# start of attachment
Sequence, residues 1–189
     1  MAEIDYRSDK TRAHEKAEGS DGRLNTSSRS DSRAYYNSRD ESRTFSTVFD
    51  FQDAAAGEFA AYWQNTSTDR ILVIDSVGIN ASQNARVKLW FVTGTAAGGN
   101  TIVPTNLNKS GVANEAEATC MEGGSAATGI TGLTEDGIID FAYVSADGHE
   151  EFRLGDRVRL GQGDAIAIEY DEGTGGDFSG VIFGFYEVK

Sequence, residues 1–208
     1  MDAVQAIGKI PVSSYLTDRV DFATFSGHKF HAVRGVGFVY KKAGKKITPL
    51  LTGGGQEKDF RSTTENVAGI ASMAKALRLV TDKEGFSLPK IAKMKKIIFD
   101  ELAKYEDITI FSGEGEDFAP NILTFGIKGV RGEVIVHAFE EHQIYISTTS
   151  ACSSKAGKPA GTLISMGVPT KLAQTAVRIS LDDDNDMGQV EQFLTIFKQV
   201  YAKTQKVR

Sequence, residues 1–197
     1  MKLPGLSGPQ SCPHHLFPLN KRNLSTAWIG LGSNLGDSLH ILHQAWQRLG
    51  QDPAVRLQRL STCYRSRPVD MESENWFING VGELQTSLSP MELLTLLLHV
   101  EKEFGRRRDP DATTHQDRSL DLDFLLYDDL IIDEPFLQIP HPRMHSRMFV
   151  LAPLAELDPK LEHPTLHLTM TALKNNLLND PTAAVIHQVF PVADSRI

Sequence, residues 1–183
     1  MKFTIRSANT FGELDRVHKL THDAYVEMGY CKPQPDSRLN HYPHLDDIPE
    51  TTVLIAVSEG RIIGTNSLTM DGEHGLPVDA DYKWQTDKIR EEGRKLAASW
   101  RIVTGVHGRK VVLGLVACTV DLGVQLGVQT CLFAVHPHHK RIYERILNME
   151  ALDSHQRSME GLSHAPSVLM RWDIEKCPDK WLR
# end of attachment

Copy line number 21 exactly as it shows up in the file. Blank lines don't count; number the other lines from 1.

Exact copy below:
   151  ALDSHQRSME GLSHAPSVLM RWDIEKCPDK WLR